Good evening, Atlantic Coast Conference (ACC) fans. Hope you all have had a great Memorial Day Weekend. Please remember all those men and women who have died in military service for our country. We are thankful for their sacrifices – and we have our freedom today because of their service.
I’m going to write about a topic today that many of you – including me – are outraged and sad about at the same time. And that is the unfathomable lack of institutional control that permitted a culture of sexual violence at Baylor University.
Now imagine if you knew this woman (here) from Baylor: Stefanie Mundhenk is someone’s daughter, maybe someone’s sister, she is someone’s cousin, she is someone’s niece, she is someone’s granddaughter, and she is definitely someone’s friend – what would you say to this woman? She must live as a rape victim for the rest of her life. My heart aches for her – her life – and the many women at Baylor who had no one – no one – protecting them.
And now, as I previously stated, comes the unfathomable lack of institutional control that permitted a culture of sexual violence at Baylor University. Reading this timeline from the Waco Tribune-Herald on sexual violence crimes and actions taken by Baylor University will make you sick. Why would it take Baylor University so long to realize that they had a problem on their hands? You might not remember this, but Baylor is not far removed from a scandal that included the charge of murder against a former teammate. That scandal also included the tape-recorded plot of Baylor’s former men’s basketball coach, Dave Bliss, trying to cover-up major NCAA infractions with a story that the murdered player had been a drug dealer. So, Baylor already has had recent problems in its athletic department.
In August 2015, Baylor University hired Pepper Hamilton LLP (Pepper) to conduct an independent and external review of Baylor University’s institutional response to Title IX and related compliance issues through the lens of specific cases (you can see their 3500 word statement of findings of fact here). For those of you unfamiliar with Title IX and how it relates to sexual assault, here is a primer on that subject (U.S. Department of Education, Office for Civil Rights, Accessed on May 29, 2016 at https://www2.ed.gov/about/offices/list/ocr/docs/know-rights-201404-title-ix.pdf). I could quote countless issues from the Pepper review, but then I would be quoting the entire report. Here is a major section in the report’s executive summary:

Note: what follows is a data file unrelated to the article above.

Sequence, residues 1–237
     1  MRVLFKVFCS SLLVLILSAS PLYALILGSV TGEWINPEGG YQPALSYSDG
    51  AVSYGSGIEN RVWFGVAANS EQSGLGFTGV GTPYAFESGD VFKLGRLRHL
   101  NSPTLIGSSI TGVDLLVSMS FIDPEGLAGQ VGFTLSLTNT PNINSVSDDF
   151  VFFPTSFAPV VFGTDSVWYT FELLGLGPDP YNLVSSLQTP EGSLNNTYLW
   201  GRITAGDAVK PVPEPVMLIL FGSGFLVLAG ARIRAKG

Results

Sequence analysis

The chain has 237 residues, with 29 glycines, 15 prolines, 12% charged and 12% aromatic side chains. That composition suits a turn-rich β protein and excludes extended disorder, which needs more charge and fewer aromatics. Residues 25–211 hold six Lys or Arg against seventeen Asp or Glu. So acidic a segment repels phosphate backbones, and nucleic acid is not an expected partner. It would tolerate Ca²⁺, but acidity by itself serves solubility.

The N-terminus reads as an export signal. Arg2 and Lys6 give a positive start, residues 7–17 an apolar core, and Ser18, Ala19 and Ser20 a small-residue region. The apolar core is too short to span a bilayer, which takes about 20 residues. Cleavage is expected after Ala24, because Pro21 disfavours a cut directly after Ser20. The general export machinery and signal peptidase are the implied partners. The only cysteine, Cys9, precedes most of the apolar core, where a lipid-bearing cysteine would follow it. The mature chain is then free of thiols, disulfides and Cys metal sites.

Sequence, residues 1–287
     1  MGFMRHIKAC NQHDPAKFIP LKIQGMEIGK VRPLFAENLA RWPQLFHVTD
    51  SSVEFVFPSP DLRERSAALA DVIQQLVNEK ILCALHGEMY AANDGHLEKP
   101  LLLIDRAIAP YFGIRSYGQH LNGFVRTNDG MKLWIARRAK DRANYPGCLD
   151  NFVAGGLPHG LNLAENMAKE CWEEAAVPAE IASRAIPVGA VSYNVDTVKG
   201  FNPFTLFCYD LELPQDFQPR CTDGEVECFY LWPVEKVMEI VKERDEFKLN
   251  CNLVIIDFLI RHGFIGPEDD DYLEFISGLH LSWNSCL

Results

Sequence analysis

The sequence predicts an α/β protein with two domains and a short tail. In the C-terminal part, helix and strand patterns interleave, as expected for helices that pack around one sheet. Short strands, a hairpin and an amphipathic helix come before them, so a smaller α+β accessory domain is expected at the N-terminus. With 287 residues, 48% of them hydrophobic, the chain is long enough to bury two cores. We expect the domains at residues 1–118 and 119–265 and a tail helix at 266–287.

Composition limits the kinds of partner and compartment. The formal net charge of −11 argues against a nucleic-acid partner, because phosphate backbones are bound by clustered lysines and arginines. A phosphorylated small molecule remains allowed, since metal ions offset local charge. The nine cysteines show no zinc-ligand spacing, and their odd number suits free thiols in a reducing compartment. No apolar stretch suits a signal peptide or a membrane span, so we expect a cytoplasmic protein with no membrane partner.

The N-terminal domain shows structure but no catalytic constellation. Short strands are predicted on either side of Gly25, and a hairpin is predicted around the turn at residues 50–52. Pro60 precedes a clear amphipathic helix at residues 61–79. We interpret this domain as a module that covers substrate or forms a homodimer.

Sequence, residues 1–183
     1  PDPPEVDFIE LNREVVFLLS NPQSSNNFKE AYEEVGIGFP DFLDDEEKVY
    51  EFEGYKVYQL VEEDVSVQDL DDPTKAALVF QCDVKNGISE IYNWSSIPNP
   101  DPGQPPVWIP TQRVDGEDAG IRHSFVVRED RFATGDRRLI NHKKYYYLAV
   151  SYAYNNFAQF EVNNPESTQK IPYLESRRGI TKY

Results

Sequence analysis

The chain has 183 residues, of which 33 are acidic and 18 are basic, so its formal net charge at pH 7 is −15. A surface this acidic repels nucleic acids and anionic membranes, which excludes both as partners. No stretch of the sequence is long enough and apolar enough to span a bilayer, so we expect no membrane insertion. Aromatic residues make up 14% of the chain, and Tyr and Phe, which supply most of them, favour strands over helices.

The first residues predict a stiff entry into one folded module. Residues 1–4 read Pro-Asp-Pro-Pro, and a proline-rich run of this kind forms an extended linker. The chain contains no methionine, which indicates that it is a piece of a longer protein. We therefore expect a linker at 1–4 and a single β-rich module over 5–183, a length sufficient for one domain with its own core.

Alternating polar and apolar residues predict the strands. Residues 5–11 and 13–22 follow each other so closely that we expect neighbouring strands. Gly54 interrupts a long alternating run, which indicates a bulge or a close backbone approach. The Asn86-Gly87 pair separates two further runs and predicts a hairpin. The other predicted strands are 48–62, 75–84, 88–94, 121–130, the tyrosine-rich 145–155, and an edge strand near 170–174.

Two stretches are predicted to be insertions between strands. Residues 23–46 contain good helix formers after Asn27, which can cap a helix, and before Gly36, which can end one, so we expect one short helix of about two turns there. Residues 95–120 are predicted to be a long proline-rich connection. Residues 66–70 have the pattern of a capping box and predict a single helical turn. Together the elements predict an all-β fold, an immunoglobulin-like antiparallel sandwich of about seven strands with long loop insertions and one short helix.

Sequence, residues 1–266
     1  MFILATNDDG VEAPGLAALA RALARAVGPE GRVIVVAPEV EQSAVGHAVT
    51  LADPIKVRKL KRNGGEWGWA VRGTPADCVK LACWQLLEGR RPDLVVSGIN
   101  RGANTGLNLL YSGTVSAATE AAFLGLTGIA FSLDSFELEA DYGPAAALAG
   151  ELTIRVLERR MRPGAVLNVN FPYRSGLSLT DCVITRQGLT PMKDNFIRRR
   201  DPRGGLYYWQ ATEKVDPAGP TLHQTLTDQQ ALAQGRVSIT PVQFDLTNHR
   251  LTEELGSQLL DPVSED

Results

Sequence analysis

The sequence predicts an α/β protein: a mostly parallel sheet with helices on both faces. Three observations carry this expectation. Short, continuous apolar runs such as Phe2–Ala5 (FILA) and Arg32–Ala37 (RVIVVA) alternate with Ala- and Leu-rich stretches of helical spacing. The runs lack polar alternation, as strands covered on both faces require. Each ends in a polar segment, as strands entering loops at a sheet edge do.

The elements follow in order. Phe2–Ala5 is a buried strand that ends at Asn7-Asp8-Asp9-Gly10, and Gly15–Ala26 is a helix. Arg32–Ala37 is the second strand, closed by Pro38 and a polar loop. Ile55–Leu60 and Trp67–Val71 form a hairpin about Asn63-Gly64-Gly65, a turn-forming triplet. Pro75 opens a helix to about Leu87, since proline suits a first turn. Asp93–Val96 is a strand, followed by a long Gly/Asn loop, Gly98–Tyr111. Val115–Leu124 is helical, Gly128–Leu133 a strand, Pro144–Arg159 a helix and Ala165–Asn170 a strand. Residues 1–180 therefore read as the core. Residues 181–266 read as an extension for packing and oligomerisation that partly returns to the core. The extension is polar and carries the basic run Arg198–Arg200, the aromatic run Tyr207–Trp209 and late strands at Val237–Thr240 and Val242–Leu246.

Pepper found that Baylor’s efforts to implement Title IX were slow, ad hoc, and hindered by a lack of institutional support and engagement by senior leadership. Based on a high-level audit of all reports of sexual harassment or violence for three academic years from 2012-2013 through 2014-2015, Pepper found that the University’s student conduct processes were wholly inadequate to consistently provide a prompt and equitable response under Title IX, that Baylor failed to consistently support complainants through the provision of interim measures, and that in some cases, the University failed to take action to identify and eliminate a potential hostile environment, prevent its recurrence, or address its effects for individual complainants or the broader campus community. Pepper also found examples of actions by University administrators that directly discouraged complainants from reporting or participating in student conduct processes, or that contributed to or accommodated a hostile environment. In one instance, those actions constituted retaliation against a complainant for reporting sexual assault. (emphasis mine) In addition to broader University failings, Pepper found specific failings within both the football program and Athletics Department leadership, including a failure to identify and respond to a pattern of sexual violence by a football player, to take action in response to reports of a sexual assault by multiple football players, and to take action in response to a report of dating violence. Pepper’s findings also reflect significant concerns about the tone and culture within Baylor’s football program as it relates to accountability for all forms of athlete misconduct. (Baylor University Board of Regents, Findings of Fact, Pages 1-2, Accessed on May 29, 2016 at http://www.baylor.edu/rtsv/doc.php/266596.pdf)
In some instances, administrative responses and campus processes caused significant harm to complainants. Actions by a University administrator within the [Baylor University Police Department] and an administrator within an academic program contributed to, and in some instances, accommodated or created a hostile environment, rather than taking action to eliminate a hostile environment. (Baylor University Board of Regents, Findings of Fact, Page 9, Accessed on May 29, 2016 at on May 29, 2016 at http://www.baylor.edu/rtsv/doc.php/266596.pdf)